West African National Park Development – taking a cue from East Africa

Nigeria earned $1.09 billion from international tourism in 2016 according to statistics from the World Bank. Kenya received $1.62 billion in the same period, Tanzania $ 2.16 billion and South Africa $8.81 billion. Most of the visitors to South Africa, Tanzania and Kenya visit the National Parks and Game Reserves. Tourism is a low-hanging fruit in achieving economic empowerment, and west African National Parks should take a cue from their counterparts in eastern Africa to reap benefits from wildlife.

US First Lady on a safari


Low barrier to investment in wildlife-based tourism

Wildlife is a major earner for the tourism industry in many African countries. Tourism provides jobs and income. Investments in this sector are not substantial, since it is a service industry. There are also low barriers to entry for the typical local investor.

A national park is generally owned and managed by the government. Private game reserves on the other hand are managed by private entities. They are both governed by the same principles of conservation and protection of wildlife.

Southern and eastern African countries have allocated large portions of land for wildlife conservation. In addition, the size of protected areas in these regions is generally higher than in other parts of the world. The reason for this is partly historical, and can be traced to the colonial history of these regions. In addition, many of these countries also have significant wildlife populations on unprotected land.

See: Bushmeat, Wildlife-Based Economies, Food Security and Conservation

Managing protected areas can be challenging. This is especially true when there is a large population that is economically marginalised and landless. African countries are mostly non-industrialised. There are insignificant economic opportunities apart from the land. The conflict over land use therefore becomes a significant challenge to the management of protected areas.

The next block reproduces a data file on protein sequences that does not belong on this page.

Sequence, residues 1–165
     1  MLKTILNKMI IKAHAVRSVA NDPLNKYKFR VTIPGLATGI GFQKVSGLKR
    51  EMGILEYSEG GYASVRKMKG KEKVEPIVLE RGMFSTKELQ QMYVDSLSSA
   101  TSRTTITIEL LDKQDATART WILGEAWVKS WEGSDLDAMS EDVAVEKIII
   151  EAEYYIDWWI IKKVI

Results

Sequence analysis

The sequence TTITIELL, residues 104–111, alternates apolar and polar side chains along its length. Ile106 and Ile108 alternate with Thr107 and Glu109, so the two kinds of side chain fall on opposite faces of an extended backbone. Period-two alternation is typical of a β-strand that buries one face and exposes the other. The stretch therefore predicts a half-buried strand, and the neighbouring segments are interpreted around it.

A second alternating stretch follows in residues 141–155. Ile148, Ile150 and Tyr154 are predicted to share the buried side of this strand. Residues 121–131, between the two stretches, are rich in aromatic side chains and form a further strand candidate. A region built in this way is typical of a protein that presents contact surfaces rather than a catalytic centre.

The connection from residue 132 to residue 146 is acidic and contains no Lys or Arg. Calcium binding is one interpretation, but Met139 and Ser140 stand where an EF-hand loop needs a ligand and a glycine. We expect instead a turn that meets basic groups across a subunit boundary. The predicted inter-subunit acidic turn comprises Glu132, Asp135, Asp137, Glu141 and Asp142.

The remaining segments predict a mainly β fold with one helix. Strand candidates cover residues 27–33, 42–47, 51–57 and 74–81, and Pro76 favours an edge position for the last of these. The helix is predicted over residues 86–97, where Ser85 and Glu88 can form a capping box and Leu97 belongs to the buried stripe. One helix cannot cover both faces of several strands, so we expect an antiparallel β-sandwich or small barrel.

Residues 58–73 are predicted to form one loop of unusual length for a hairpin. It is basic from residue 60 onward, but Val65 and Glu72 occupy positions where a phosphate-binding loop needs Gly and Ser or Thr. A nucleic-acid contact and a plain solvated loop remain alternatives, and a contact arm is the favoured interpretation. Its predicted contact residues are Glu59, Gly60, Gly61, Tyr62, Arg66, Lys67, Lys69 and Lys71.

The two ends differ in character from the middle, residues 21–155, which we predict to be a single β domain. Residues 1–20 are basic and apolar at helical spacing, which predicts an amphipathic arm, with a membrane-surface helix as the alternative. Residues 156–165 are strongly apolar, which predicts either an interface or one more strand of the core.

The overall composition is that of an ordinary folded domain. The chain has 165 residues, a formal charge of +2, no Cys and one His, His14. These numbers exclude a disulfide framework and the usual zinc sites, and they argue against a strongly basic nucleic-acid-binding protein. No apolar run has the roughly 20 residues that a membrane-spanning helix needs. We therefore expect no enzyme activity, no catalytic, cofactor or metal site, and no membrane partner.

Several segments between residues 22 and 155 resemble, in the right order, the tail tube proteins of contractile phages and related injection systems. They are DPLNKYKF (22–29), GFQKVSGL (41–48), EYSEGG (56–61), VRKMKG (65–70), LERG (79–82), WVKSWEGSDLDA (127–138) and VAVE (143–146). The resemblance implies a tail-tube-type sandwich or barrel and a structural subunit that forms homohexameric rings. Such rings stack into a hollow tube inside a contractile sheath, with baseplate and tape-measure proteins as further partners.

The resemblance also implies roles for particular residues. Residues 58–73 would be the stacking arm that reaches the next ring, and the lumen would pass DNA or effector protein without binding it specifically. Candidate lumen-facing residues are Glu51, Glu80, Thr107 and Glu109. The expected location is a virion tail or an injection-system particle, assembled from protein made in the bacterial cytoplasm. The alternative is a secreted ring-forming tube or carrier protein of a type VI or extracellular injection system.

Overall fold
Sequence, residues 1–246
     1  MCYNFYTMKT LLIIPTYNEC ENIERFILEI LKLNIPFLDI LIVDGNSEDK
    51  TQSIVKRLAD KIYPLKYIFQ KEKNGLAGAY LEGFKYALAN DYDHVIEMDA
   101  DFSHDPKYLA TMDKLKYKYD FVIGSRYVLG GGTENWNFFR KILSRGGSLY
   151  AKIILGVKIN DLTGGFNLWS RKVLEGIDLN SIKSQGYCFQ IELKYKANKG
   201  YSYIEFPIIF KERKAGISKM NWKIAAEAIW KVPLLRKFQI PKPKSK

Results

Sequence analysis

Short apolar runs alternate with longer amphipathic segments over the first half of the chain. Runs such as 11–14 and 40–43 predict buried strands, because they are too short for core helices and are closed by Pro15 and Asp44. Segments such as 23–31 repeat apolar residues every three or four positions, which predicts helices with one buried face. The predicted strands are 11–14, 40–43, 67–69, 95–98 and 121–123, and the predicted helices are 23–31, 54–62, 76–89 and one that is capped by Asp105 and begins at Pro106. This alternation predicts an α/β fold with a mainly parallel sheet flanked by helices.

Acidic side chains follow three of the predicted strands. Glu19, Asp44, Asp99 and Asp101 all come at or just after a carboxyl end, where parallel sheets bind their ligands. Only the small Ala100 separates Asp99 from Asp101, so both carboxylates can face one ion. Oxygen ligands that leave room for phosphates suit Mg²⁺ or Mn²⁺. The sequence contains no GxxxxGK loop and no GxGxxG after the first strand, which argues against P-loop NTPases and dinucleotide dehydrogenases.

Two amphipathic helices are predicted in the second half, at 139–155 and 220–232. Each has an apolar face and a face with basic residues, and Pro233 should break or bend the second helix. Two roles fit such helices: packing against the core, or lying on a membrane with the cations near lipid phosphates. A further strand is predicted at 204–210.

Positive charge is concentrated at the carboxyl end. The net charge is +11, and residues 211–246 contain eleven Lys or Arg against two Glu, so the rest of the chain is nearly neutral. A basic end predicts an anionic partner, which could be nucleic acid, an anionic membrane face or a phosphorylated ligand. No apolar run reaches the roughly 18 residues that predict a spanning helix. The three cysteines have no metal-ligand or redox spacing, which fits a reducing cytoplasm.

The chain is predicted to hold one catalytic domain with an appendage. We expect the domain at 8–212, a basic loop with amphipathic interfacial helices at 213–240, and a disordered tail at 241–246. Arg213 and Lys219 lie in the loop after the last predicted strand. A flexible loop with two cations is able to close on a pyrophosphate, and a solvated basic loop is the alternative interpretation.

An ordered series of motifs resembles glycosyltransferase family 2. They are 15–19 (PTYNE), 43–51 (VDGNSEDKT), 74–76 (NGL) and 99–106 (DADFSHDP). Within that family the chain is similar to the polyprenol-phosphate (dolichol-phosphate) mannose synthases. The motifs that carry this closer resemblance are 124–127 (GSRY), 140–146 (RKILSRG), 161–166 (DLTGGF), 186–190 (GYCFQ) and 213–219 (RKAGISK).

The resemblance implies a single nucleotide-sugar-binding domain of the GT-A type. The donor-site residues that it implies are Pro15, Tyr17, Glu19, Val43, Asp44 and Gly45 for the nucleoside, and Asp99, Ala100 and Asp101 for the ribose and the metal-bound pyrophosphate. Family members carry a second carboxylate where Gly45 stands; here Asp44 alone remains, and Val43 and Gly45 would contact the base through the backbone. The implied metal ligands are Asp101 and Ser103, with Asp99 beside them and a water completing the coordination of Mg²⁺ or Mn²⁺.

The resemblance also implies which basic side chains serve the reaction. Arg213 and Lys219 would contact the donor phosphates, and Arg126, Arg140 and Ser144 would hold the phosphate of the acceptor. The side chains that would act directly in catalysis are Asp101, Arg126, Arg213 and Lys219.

Some of the problems are similar. Cases of human-wildlife conflict appear in both regions. Lions in western Africa live in more heavily forested areas. Hunting for bush meat by locals has decimated their usual prey leading to the animals attacking livestock. The local community has killed the lions in retaliation for the lost livestock. A similar scenario plays out frequently in human-wildlife conflict in eastern Africa, also pitting lions against the cattle-rearing Maasai community.

A Maasai herdsman with his livestock. Human-wildlife conflict has pitted the Maasai against the lions

Area covered by national parks and reserves

National parks and reserves cover 20,156 square kilometres in Nigeria, representing 3 percent of the total land area. In contrast parks, reserves and conservation areas cover 14 percent of the land in Tanzania. Its 16 national parks along cover an area of more than 42,000 square kilometres. The figure for Kenya is 44,359 square kilometres, representing 8 percent. Zambia has a high 28 percent of the country set aside for national parks, conservation areas, game reserves and controlled and protection areas.